27. The code of Lang Hancock
  28. Why not starve the taxation monster?
  29. Lang Hancock 1978 George Negus Interview
  30. Party Promises to Abolish Tax
  31. Right-wing plot
  32. "The best way to help the poor is not to become one of them." - Lang Hancock
  33. WA's NCP commits suicide
  34. "You can't live off a sacred site"
  35. Hancock: King of the Pilbara
  36. Bludgers need not apply
  37. New party formed "to slash controls"
  38. Workers Party Reunion Intro
  39. Workers Party is born as foe of government
  40. Government seen by new party as evil
  41. Ron Manners on Lang Hancock
  42. Does Canberra leave us any alternative to secession?
  43. Bury Hancock Week
  44. Ron Manners on the Workers Party
  45. Lang Hancock on Australia Today
  46. Hancock and Wright
  47. Lang Hancock on Environmentalists
  48. Friends of free enterprise treated to financial tete-a-tete: Lang does the talking but Gina pulls the strings
  49. Lang Hancock, Stump Jumper
  50. Lang Hancock: giant of the western iron age
  51. The Treasury needs a hatchet man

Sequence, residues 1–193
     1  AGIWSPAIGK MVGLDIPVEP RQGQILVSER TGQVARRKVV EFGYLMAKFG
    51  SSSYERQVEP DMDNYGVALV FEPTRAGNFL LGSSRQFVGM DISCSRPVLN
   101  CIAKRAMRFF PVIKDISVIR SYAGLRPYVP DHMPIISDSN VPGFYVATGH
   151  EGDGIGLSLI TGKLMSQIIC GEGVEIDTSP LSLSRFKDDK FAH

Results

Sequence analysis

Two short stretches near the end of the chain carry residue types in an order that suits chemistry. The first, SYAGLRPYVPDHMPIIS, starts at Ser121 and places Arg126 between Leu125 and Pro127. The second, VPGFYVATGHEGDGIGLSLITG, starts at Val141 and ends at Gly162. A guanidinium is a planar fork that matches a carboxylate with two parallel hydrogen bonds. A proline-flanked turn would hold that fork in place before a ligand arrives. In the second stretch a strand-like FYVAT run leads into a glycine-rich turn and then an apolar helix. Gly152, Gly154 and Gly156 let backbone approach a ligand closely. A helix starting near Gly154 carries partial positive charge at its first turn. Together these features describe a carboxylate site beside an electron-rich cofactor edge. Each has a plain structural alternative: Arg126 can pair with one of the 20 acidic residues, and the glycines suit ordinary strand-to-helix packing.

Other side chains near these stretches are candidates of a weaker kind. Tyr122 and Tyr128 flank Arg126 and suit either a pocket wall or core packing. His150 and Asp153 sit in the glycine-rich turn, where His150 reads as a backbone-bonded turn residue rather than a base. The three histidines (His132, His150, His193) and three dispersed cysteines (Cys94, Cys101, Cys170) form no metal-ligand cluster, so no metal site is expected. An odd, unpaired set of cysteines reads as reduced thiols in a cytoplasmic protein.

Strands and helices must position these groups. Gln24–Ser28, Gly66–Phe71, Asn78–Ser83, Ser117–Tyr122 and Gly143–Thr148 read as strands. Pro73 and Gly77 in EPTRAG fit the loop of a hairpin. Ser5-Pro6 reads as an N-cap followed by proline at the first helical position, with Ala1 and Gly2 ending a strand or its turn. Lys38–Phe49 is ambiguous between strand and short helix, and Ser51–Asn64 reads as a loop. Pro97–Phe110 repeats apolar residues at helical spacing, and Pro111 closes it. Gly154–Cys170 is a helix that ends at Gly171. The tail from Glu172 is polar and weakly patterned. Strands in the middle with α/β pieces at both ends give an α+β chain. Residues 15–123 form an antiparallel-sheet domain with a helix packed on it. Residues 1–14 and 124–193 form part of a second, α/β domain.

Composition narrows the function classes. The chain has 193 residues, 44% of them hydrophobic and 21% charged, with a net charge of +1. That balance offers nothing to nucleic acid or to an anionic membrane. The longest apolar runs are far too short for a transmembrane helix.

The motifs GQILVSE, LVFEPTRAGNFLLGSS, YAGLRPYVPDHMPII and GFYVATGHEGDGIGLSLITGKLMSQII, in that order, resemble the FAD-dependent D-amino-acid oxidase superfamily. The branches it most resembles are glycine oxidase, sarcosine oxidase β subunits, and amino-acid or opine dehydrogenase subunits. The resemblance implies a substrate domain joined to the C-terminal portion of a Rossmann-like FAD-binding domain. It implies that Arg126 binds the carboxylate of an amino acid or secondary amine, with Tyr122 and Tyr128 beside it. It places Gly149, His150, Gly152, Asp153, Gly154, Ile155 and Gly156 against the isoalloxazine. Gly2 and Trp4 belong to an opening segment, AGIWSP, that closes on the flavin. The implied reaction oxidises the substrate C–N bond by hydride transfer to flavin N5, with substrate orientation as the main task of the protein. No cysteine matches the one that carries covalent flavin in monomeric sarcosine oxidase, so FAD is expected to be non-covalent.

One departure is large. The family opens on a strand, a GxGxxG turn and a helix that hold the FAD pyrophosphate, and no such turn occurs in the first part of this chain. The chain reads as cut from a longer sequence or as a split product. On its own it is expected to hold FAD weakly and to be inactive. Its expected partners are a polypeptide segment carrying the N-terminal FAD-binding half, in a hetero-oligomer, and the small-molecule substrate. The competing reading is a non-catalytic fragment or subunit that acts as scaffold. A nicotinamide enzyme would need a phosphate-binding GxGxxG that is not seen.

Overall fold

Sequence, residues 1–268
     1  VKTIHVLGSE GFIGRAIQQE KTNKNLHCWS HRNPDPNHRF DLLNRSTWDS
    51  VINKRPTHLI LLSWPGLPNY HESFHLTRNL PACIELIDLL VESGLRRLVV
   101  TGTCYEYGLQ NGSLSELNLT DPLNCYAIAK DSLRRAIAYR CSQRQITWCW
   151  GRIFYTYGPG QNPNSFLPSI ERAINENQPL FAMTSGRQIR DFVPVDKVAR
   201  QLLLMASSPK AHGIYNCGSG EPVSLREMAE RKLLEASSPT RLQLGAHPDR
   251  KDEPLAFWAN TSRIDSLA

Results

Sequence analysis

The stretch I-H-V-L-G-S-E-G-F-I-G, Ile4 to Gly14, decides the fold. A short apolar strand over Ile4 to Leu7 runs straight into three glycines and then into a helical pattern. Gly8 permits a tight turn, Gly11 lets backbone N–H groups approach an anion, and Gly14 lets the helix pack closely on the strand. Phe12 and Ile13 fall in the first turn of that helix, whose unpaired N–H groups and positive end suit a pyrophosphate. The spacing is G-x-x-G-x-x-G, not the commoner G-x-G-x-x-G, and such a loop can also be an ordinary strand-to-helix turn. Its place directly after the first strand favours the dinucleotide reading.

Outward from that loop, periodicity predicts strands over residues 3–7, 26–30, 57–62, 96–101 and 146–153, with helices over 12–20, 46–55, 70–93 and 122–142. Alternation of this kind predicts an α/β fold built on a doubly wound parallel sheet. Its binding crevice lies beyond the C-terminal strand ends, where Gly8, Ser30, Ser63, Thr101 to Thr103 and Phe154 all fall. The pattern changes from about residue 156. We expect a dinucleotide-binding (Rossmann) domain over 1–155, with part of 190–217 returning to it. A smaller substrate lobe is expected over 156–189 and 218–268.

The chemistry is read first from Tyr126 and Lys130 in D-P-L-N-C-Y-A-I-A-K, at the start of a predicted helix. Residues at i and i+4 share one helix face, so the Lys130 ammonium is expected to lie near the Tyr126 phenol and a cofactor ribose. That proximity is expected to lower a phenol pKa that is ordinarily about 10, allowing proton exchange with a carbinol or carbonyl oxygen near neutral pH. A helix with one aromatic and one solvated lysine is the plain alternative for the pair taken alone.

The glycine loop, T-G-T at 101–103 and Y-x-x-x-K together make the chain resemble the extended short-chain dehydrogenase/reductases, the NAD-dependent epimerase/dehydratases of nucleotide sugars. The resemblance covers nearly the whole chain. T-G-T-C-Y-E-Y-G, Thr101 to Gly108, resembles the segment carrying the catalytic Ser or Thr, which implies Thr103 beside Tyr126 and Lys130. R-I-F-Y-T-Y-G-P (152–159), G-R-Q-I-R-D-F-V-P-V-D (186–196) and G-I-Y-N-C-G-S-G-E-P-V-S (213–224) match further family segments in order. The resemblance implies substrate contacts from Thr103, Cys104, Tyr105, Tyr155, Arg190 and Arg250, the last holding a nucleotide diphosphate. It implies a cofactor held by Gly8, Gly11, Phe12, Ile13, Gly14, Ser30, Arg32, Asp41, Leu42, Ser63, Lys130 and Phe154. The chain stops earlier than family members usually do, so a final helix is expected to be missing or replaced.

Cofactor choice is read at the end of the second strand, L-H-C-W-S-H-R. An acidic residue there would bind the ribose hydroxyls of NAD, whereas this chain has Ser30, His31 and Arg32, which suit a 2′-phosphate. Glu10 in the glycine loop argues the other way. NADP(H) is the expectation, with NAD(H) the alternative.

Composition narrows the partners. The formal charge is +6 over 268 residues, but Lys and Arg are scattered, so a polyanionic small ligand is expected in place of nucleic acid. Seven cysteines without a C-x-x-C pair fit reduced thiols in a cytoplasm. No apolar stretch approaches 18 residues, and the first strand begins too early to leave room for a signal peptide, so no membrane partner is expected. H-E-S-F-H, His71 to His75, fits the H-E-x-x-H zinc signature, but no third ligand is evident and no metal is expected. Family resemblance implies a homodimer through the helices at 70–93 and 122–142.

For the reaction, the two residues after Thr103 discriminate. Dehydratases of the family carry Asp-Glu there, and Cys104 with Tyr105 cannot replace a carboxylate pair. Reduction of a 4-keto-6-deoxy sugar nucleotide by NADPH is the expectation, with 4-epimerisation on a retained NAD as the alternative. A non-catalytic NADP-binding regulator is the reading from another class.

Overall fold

52. We Mine to Live
  53. Get the "econuts" off our backs
  54. 1971 Lang Hancock-Jonathan Aitken interview for Land of Fortune (short)
  55. Gina Rinehart, Secessionist
  56. 1982 NYT Lang Hancock profile
  57. Enter Rio Tinto
  58. Hamersley and Tom Price
  59. News in the West
  60. Positive review of Hancock speech
  61. Lang Hancock International Press Institute General Assembly speech, Canberra, 1978
  62. Australia's slide to socialism
  63. The Great Claim Robbery
  64. Why WA must go it alone
  65. Lang Hancock in 1976 on Public Picnics and Human Blights
  66. MILLIONAIRE PUTS MONEY BEHIND SECESSIONISTS
  67. Resource Management in Australia: Is it possible?
  68. The gospel of WA secession according to Lang Hancock
  69. Crystal Balls Need Polishing
  70. Minerals - politicians' playthings?
  71. John Singleton-Ita Buttrose interview (1977)
  72. Boston Tea Party 1986 style, hosted by Lang Hancock and Bob Ansett
  73. Singo says Lang Hancock violated Australia's 11th commandment: Thou Shalt Not Succeed
  74. Singleton: the White Knight of Ockerdom
  75. Tactics change by Hancock
  76. Lang Hancock complains to Margaret Thatcher about Malcolm Fraser
  77. 'Phony crisis' seen as 'child of politics'
  78. Lang Hancock on nuclear energy